Originally featured at ‘The Buddhist Channel’ on 14 April 2008
In the article “Buddha made unforgettable”, this was mentioned of Osamu Tezuka’s “Buddha” manga series – “A rare portrayal indeed that makes Tezuka’s Buddha more memorable and moving than any other interpretation of Buddha’s life we might have seen or read.” As in many other reviews, the series is again overrated. I speak as a Tezuka fan – of his other works though.
While the “Buddha” series is “moving” in some parts, I certainly hope it is not “memorable” – for there are parts of his portrayal that simply stray off, on tangent – away from orthodox depictions of the Buddha’s life and his teachings. These parts are highly misleading – damaging for newbies to Buddhism, and confusing to those with moderate understanding. As such, I beg to differ that “Tezuka does not swerve from the original legend of Buddha…” There are many other accounts of the Buddha’s life which are more moving – and more factual too.
I had bought half of the series before giving up on it – because the story is grossly inaccurate. The depicted “unconfident” Buddha (after enlightenment!) got his urna (the “spot” between his eyes, which is actually a coil of a strand of hair) emblazed upon his forehead by a god, and was commanded by him to teach the Dharma! This is utter nonsense! The Buddha in orthodox Buddhism is a “Teacher of humans and gods”, not a servant of any unenlightened god. What an outrageous demotion of the Buddha’s supreme spiritual status!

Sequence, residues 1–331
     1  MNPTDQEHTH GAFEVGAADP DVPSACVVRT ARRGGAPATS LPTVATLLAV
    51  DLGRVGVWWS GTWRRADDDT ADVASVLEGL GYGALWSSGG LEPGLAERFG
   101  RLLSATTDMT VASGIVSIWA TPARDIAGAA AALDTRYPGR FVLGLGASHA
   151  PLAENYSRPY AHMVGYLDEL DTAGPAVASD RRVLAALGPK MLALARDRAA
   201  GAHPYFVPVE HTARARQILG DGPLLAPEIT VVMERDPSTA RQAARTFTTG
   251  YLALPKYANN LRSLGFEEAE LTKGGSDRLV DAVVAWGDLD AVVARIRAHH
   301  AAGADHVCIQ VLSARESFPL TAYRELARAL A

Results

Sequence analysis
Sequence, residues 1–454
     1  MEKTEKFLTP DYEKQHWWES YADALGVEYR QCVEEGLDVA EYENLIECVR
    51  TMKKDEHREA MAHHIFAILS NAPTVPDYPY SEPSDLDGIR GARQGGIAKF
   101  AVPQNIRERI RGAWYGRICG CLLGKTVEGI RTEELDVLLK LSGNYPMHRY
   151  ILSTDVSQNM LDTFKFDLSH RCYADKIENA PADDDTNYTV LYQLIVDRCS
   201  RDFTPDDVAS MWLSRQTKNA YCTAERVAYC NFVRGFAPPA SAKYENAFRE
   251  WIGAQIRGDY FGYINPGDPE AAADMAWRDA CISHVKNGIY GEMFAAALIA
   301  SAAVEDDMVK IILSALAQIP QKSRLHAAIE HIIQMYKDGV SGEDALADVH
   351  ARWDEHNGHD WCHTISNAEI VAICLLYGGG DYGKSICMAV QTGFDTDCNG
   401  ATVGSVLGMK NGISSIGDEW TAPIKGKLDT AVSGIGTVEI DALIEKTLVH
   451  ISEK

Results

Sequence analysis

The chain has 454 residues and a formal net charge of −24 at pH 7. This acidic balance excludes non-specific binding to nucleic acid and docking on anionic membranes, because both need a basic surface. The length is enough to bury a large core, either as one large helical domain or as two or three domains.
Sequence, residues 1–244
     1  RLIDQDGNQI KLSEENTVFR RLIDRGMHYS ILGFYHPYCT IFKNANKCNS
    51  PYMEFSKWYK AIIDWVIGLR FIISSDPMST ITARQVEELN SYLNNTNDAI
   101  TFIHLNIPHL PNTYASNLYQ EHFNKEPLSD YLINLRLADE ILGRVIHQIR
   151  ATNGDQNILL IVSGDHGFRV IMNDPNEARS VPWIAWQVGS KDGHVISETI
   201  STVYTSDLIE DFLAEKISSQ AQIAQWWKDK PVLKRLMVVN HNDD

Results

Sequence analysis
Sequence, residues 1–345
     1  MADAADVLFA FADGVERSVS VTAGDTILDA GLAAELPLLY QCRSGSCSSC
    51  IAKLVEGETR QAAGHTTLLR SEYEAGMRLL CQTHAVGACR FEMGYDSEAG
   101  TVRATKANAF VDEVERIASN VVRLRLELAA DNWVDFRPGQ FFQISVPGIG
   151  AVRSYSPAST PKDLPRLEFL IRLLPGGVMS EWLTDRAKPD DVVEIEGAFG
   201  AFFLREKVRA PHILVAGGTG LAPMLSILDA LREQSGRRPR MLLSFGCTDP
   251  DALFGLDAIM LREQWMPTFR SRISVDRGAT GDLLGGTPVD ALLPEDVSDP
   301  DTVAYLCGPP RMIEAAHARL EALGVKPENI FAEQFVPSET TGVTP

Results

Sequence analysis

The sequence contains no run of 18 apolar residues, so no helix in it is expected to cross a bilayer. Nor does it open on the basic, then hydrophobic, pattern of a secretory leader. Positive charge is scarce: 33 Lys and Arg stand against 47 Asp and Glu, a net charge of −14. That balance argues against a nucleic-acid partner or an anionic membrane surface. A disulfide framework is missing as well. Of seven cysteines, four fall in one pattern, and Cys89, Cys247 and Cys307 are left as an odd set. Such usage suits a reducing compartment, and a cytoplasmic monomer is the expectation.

And Ananda (the Buddha’s attendant) was depicted as having been a petty thief! Many other key characters’ biographies are jumbled up for dramatic effect too. How disappointing it is that the series digressed so far from the story of the Buddha, while exploiting the “brand” of the “Buddha”! This is classic popular abuse of sacred culture. It does not do justice to the Buddha, Buddhists and Buddhism. Instead, it does a fine job of messing up Buddhist history and doctrine.
I had subsequently read the remaining half of the series at a library. At the end of the series, what the Buddha attained did not seem close to being ultimate bliss or true liberation. This strongly hinted of the author’s lack of understanding about Buddhism. The “Buddha”, like all readers, is left severely short-changed. It is an account of the Buddha’s life made unforgettable indeed – for wrong reasons, unfortunately.
Please let your friends be aware that the above series is not a good introduction to the Buddha’s life story. On a fair note, there is a disclaimer in the series that says “This work of fiction contains characters and episodes that are not part of the historical record.” But how then, are readers supposed to sift fact from fiction, if even the key character (the Buddha) is seriously fictionalised. I shudder to imagine how much of an uproar such publications would cause if they depicted religious figures of other major faiths instead. Would they be more tolerant or less? I hope we will never ever find out.
– S.A. Sng
[The comic series is being made into an animated trilogy titled ‘Buddha 1’, ‘Buddha 2’ and ‘Buddha 3’. Please avoid these films as a show of no support, and to prevent personal confusion.]
Why Tezuka’s ‘Buddha’ Is No Buddha
How Not To Portray The ‘Buddha’
Review Of Osamu Tezuka’s ‘Buddha 1 & 2′
Popularising New Dogma On The Buddha?
Was The Buddha Reluctant To Teach?
The Buddha’s Victory Over A God And Demon
Was The Buddha Just A Man? (How The Buddha Called Himself ‘Buddha’)